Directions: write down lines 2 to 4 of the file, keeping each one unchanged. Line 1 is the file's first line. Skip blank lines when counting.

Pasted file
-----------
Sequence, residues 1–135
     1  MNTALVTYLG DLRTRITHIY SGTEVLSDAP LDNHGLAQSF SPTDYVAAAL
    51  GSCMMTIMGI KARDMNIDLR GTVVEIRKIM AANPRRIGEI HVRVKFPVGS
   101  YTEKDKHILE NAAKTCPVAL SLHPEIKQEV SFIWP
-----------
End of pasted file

     1  MNTALVTYLG DLRTRITHIY SGTEVLSDAP LDNHGLAQSF SPTDYVAAAL
    51  GSCMMTIMGI KARDMNIDLR GTVVEIRKIM AANPRRIGEI HVRVKFPVGS
   101  YTEKDKHILE NAAKTCPVAL SLHPEIKQEV SFIWP